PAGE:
By Precious Moyo
The government of Zimbabwe has introduced mobile tuberculosis (TB) screening services to rural areas that have been identified as TB burdened after noting that such communities experience challenges in accessing health services.
Previously TB screening has been done at health centres only and some people especially in rural areas failed to access health services due to catastrophic costs incurred.
Amakhosikazi media caught up with the Targeted Screening for TB programme manager in Tshitshi area in Plumtree where villagers were being screened for free.
In an interview, the programme manager, Dr Vimbai Mandizvidza said government availed four trucks to work countrywide with one already operating in Matabeleland South province which was identified as one of the TB burdened provinces.
“Matabeleland South constitutes 19 percent of TB deaths and it needs urgent action. We are targeting old people, below fives, people living with HIV/AIDS, miners and ex-miners. These are risky groups with high chances of contracting TB,” she said.
Community members have a chance to get tested of HIV/AIDS as well diabetes during the screening session.
“TB and HIV/AIDS are usually married so when a patient is diagonised of HIV/AIDS, before we do TB testing we provide them with counseling. We have counselors among us,” said Dr Mandizvidza.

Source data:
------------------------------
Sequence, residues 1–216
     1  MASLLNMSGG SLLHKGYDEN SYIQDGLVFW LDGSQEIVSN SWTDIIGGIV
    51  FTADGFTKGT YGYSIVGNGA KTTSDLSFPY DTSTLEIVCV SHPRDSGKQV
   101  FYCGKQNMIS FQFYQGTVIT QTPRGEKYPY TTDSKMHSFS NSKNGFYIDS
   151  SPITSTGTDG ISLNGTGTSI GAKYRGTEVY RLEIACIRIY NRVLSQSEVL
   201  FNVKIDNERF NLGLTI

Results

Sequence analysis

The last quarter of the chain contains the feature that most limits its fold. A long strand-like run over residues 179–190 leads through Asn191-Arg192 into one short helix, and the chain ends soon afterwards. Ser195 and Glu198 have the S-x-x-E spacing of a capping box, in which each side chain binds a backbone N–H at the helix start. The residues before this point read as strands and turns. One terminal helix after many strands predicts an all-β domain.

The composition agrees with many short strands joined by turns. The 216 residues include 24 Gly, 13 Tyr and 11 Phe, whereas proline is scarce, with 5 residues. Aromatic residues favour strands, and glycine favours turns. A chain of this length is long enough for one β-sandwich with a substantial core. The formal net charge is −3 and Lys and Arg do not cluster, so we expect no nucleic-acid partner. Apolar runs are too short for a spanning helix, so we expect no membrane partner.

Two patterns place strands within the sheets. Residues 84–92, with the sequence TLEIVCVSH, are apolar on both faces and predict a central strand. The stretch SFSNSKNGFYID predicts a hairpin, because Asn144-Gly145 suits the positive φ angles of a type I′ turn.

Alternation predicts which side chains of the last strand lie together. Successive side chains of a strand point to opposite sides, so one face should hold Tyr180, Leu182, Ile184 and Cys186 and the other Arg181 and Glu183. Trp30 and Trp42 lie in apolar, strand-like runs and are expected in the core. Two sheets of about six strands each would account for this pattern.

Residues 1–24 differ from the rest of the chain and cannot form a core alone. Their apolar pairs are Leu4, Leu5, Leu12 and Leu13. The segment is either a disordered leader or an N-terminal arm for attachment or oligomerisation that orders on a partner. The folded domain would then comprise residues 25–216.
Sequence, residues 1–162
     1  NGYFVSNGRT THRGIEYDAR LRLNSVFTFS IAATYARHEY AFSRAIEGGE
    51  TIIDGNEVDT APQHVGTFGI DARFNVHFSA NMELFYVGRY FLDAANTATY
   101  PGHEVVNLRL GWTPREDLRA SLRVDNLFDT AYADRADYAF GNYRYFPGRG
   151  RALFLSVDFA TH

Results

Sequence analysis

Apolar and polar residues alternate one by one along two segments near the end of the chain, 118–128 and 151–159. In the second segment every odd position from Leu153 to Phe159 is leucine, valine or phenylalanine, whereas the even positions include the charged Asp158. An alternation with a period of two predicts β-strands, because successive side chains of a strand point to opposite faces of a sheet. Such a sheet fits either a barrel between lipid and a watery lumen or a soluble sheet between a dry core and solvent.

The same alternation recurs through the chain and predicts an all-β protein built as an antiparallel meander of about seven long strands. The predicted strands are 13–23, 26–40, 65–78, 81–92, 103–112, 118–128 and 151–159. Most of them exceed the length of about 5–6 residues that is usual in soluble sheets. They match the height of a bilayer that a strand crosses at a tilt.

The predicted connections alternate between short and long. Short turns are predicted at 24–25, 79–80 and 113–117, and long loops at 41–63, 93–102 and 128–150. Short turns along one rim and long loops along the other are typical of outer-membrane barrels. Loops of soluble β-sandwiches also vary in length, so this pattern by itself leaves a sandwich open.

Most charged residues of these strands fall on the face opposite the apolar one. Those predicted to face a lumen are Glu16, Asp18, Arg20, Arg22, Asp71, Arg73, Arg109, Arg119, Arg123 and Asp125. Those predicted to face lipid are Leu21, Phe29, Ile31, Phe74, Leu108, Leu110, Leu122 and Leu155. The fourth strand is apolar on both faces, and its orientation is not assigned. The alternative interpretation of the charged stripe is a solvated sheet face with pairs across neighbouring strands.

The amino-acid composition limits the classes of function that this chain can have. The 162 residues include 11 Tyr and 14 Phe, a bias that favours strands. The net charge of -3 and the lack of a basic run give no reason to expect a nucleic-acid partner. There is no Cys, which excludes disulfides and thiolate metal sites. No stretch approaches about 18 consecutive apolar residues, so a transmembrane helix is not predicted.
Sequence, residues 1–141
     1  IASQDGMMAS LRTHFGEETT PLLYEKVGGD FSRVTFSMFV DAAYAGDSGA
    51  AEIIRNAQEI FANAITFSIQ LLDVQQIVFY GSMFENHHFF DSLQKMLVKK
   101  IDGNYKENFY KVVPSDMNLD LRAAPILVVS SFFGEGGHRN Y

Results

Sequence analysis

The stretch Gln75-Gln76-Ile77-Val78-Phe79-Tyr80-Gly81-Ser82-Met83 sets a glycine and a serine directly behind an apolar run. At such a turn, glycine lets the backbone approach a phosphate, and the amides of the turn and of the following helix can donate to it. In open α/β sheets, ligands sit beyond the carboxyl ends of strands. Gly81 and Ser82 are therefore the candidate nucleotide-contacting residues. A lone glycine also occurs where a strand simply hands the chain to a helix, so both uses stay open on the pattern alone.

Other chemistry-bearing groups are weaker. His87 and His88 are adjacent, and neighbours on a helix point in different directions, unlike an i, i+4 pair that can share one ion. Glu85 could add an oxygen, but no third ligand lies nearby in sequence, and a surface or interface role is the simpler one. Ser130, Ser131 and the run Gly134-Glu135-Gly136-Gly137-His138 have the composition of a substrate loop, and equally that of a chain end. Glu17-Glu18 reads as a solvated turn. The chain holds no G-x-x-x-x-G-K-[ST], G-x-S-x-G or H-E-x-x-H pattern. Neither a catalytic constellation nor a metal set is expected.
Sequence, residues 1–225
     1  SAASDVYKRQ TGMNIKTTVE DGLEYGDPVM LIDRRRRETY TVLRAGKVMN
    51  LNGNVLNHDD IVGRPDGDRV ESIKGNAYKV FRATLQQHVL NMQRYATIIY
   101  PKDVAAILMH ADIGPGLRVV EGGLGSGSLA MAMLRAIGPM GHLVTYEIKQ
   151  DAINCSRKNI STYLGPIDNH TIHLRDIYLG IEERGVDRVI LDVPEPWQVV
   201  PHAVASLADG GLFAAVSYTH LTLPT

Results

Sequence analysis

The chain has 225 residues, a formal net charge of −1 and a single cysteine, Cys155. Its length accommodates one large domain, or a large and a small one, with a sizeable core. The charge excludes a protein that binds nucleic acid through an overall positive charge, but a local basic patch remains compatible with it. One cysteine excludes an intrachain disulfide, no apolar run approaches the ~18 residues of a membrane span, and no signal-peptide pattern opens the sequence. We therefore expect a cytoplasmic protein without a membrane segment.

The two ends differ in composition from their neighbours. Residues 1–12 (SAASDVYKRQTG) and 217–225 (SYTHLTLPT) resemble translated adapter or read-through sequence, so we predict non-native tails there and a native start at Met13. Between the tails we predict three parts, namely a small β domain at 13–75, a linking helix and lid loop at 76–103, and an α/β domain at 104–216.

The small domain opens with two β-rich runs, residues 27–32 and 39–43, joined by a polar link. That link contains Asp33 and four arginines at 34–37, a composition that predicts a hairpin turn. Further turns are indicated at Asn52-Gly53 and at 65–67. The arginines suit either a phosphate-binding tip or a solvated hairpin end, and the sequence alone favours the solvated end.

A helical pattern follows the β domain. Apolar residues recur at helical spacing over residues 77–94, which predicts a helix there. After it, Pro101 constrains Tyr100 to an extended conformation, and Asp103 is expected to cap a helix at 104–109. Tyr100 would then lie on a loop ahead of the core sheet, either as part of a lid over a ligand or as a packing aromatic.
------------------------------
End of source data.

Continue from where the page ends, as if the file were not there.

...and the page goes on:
She said the trucks have laboratories where tests are being done and patients who are diagonised with TB are referred to their local clinics for treatment.
“This at least lessens the burden of travelling to a hospital for screening. Many patients suffer while at home because they won’t be affording transport,” she said.
Dr Mandizvidza encouraged people to be screened against TB.
Amakhosikazi media observed that from morning to midday during screening, the majority of people who were attended to were women.
In separate interview with them, women applauded Government’s effort to bring TB screening home saying they experienced costs in accessing health facilities.
“Accessing TB treatment has always been said to be free but to us it has never been like that. Imagine l stay here in Mzila and l had to travel to Plumtree town for screening. Most of the time we could not access health services because of travelling expenses.”
“We want to thank government for having us in mind and ensuring that we are also catered for. Now l am able to bring even my children for screening,” said Mrs Rebecca Ncube from Mzila village in Tshitshi community.
Mrs Miriam Tshuma from the same community said the mobile clinic has allowed them to get treatment including HIV/AIDS, TB and diabetes testing without much cost.
“This has relieved us so much considering that us women are usually burdened with hospital bills when children get sick. It also good to know your health status,” she said.
The mobile clinic is expected to go to Matobo.